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13-03-2013 | Internal medicine | Article

Salvage surgery prolongs survival after partial cystectomy failure


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medwireNews: Salvage radical cystectomy can extend the survival of patients who have recurrent urothelial bladder following a partial cystectomy, research shows.

However, the prognosis following salvage radical cystectomy is highly dependent on the pathologic tumor stage and nodal status.

In a multivariate analysis, a pathologic tumor stage of pT3a or above and the presence of lymph node metastases were both associated with a significantly increased risk for recurrence following salvage radical cystectomy.

"Most patients with local recurrence following partial cystectomy can be salvaged by radical cystectomy," state Harman Bruins (University of Southern California, Los Angeles, USA) and colleagues. "In patients with recurrent disease confined to the bladder, aggressive surgical management provides a good chance of salvage."

As reported in BJU International, the researchers studied 2290 patients undergoing radical cystectomy for urothelial carcinoma of the bladder. Of these patients, 72 (3.1%) individuals underwent salvage radical cystectomy following the initial bladder-sparing cystectomy.

The median time from partial cystectomy to salvage surgery was 1.6 years and the median age at the time of the second procedure was 64 years. The 5- and 10-year rate of overall survival was 41% and 35%, respectively, while the corresponding rates of recurrence-free survival were 56% and 51%, respectively.

After salvage radical cystectomy, 44 patients had cancer confined to the bladder, 14 patients had extravesical disease, and 14 patients had lymph node-positive disease.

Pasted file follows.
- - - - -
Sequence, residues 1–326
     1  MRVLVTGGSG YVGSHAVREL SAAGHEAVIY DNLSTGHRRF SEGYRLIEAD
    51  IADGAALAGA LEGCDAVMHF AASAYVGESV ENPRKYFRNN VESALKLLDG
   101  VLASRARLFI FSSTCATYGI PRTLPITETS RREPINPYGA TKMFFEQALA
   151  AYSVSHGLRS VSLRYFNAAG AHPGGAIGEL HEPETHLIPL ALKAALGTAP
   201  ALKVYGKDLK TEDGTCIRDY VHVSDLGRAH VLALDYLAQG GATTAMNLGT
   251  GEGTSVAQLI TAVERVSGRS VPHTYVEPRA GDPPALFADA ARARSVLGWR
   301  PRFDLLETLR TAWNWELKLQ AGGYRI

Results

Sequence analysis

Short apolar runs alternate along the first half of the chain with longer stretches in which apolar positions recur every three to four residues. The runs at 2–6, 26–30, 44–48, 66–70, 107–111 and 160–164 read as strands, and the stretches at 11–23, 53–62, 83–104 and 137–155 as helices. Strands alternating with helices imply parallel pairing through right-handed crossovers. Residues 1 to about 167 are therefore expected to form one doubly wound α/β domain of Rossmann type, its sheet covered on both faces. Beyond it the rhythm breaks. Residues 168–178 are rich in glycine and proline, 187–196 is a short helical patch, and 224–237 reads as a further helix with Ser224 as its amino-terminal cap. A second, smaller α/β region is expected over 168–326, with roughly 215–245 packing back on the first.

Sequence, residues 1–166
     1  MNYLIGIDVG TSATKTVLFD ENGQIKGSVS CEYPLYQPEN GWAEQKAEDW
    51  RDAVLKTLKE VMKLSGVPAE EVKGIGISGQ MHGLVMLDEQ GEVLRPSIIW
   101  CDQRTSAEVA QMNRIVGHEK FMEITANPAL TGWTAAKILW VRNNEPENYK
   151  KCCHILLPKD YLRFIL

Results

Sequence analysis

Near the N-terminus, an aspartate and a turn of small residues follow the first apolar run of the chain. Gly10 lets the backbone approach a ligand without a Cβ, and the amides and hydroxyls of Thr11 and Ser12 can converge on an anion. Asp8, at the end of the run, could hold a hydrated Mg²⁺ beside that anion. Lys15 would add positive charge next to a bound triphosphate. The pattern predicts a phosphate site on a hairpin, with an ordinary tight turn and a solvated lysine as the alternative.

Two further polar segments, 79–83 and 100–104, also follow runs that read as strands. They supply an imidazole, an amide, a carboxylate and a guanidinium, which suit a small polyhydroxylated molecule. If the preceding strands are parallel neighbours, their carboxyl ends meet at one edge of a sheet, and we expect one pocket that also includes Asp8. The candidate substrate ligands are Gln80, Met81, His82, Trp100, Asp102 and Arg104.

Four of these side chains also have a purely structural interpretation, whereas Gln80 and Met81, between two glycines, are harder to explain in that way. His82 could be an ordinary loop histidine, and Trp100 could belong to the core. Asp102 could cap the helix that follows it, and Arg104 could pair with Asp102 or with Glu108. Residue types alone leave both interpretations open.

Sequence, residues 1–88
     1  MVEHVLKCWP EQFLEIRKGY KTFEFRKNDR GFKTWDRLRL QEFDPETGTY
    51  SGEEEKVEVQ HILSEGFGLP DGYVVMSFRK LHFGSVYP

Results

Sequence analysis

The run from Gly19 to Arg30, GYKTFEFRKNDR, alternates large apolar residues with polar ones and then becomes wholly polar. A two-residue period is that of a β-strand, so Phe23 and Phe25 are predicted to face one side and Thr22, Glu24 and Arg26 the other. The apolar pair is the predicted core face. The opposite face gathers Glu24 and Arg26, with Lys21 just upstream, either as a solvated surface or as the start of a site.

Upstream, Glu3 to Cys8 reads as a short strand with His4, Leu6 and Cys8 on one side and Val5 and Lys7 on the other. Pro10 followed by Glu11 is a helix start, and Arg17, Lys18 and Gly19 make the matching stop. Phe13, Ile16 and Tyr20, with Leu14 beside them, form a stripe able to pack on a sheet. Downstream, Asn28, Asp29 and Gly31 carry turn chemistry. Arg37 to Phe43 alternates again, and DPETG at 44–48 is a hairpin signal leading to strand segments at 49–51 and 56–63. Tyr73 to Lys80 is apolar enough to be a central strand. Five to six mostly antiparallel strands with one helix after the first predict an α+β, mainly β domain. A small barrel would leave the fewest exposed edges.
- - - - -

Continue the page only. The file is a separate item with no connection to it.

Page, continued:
When stratified by pathologic subgroups, recurrence-free and overall survival was significantly higher in patients with organ-confined disease compared with those who additionally had extravesical and lymph node-positive disease, the latter group's 5-year rate of recurrence-free survival being just 22%.

In a multivariate-adjusted model, the presence of extravesical disease was associated with nearly a sevenfold increased risk for recurrence after salvage radical cystectomy. Similarly, lymph node-positive disease was associated with a near ninefold increased risk for recurrence following salvage surgery.

One explanation for the poor prognosis in extravesical and lymph node-positive cases in the salvage radical cystectomy group "may be a more aggressive biological behavior of the recurred tumor," state Bruins et al.

The research team regards recurrent urothelial cancer in the preserved bladder after partial cystectomy as an "important concern," when it is currently estimated that 25% to 30% of these patients ultimately require salvage cystectomy.

Furthermore, given that salvage radical cystectomy will not cure all patients with recurrent disease, it is important to identify which factors influence long-term survival, conclude the researchers.

By medwireNews Reporters

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